Just over three years before Breonna Taylor was shot and killed by police officers executing a no-knock warrant, a 63-year-old Black Army veteran was killed in St. Louis during the same type of operation. The case is eerily similar to that of Taylor’s, according to a federal lawsuit filed Wednesday by the victim’s family.
The St. Louis Post-Dispatch reports that the lawsuit over the Feb. 21, 2017 shooting death of Don Clark Sr. names the city of St. Louis and more than 20 of its police officers as defendants. The suit was filed on behalf of Clark’s family by attorneys for the civil rights group ArchCity Defenders and it alleges that warrants were obtained illegally, that the victim was shot while he was sleeping and that authorities had no reason to target his home in the first place—all of which bears striking resemblance to the details revolving around Taylor’s case.
Clark’s home was reportedly one of three on the same block that was raided that night as a result of a months-long drug investigation, but the lawsuit alleges that there was no reason for authorities to believe drugs were being bought or sold in the home and that the officer who obtained the warrant was deceptive.
From the Post-Dispatch:
The lawsuit contends a St. Louis officer, Thomas Strode, used lies or bogus information and boilerplate language to obtain the search warrant for the home of Donald “Don” R. Clark Sr. Another city officer, Nicholas Manasco, shot Clark after officers broke down the door and tossed a “flash bang” diversionary device inside the home on the evening of Feb. 21, 2017, the suit says.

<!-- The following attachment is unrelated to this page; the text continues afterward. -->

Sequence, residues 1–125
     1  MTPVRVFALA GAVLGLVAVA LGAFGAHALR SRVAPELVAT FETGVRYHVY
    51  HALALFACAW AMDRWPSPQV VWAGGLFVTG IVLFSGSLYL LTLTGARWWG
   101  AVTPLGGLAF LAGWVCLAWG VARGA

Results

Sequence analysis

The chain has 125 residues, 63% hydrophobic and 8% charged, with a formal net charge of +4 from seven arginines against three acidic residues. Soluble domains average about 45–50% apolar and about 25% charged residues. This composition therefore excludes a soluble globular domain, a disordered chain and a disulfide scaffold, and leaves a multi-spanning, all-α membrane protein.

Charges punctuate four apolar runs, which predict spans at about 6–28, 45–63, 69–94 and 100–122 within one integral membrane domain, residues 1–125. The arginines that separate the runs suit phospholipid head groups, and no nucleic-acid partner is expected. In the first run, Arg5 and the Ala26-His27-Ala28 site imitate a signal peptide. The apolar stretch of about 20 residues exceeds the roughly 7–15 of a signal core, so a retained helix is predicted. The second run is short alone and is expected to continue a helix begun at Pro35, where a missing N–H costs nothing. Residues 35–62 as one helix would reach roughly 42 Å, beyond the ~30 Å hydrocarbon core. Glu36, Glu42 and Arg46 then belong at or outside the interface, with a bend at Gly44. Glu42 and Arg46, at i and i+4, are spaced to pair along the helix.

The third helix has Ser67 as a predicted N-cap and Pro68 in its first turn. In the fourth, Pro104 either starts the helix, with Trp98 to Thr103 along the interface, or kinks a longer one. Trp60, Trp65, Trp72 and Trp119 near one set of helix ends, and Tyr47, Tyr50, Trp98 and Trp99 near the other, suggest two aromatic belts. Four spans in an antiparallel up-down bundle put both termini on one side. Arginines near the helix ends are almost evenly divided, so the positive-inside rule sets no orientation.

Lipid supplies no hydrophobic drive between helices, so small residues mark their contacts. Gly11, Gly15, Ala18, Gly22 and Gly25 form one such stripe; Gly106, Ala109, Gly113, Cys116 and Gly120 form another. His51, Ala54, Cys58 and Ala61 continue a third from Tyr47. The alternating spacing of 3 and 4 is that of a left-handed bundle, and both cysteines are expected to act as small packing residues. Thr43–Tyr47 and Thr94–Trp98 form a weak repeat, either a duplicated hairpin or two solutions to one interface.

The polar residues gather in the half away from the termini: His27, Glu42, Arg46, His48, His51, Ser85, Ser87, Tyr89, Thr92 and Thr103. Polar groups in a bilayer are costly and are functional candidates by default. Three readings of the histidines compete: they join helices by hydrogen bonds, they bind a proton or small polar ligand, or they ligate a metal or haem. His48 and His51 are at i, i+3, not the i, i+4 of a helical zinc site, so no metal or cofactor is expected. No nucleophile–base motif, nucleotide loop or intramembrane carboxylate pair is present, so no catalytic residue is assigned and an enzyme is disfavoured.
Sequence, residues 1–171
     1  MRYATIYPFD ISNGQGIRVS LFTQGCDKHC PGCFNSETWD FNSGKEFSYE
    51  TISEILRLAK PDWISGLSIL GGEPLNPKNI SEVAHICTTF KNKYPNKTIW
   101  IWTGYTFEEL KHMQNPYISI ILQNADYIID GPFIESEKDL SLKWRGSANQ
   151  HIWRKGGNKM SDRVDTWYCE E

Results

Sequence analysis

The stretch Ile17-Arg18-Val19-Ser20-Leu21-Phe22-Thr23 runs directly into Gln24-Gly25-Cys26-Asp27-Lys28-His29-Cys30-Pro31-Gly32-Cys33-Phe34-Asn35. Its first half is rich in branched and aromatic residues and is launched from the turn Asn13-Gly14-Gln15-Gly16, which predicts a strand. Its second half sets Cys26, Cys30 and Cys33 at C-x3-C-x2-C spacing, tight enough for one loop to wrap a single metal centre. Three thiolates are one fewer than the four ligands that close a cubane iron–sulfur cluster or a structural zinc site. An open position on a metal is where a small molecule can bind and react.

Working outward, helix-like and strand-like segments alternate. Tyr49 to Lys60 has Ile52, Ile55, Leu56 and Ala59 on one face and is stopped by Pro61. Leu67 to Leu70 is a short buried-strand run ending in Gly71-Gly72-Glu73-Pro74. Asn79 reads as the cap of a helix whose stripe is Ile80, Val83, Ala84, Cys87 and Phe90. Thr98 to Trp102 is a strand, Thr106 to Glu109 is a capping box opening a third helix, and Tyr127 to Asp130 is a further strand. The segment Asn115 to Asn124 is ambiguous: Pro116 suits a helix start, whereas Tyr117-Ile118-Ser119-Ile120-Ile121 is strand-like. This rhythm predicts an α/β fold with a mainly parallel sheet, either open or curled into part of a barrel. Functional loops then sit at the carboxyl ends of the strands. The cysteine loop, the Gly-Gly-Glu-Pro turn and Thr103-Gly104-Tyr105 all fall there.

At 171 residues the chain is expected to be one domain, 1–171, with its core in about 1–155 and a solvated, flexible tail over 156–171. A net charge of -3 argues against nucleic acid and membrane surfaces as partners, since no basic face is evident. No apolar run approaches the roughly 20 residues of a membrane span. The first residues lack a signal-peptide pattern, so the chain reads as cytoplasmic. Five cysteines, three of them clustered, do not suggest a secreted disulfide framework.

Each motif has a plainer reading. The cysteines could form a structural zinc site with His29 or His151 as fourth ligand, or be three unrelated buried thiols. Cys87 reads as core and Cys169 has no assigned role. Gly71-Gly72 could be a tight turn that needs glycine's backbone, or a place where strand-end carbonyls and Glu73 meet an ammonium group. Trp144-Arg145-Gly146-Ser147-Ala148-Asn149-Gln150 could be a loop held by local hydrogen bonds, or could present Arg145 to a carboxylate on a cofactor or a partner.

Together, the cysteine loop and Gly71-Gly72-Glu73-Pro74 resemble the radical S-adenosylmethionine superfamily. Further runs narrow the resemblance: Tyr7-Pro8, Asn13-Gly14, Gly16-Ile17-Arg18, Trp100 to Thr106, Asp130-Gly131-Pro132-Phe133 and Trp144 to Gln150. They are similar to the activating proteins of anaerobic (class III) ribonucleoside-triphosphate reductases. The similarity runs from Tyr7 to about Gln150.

“Having to just deal with figuring out what had transpired just made me angry, and I’ve been angry ever since. I just feel robbed. My family was robbed,” Ashley Boureima Mourou, one of Clark’s children, said Wednesday at a news conference announcing the lawsuit.
Clark, a U.S. Army veteran who used a cane and suffered from diabetes, poor eyesight, poor hearing and other health problems, slept in the front room of the one-bedroom home, opposite the front door, the suit says.
The suit also claims that officers didn’t immediately render aid after shooting Clark, who died later at the hospital.
Emanuel Powell, an ArchCity attorney, said that “It is completely impossible to believe” that Clark was involved with drugs and that the victim himself “was afraid of the crime that was happening in his neighborhood.”
Clark’s son, Don Clark Jr., told Fox 2 that the night of his father’s death was the last time he spoke to him and that Clark Sr. was looking forward to a visit from him and his family the following day.
“I was robbed out of that,” Clark Jr. said, adding that “We need to hold the people that say they’re going to continue to protect us to have accountability.”
According to the Post-Dispatch, police at the time said that officers announced themselves before using a battering ram on the door of Clark’s home. They also said that a shot was fired from inside the home, that they responded to the shot with a flashbang, and that they didn’t return fire until another shot had been fired.
Authorities also said they found two handguns, heroin and marijuana in Clark’s home. It’s unclear if either of the guns were found on Clark’s person at the time.
Just in case there weren’t already enough parallels between Clark’s case and Taylor’s, Clark Jr. has disputed the cops’ claims saying that if his father fired a shot it was in self-defense because he had no idea who was breaking into his house.
The lawsuit seeks unspecified damages for claims that include unlawful search, use of excessive force and civil rights violations.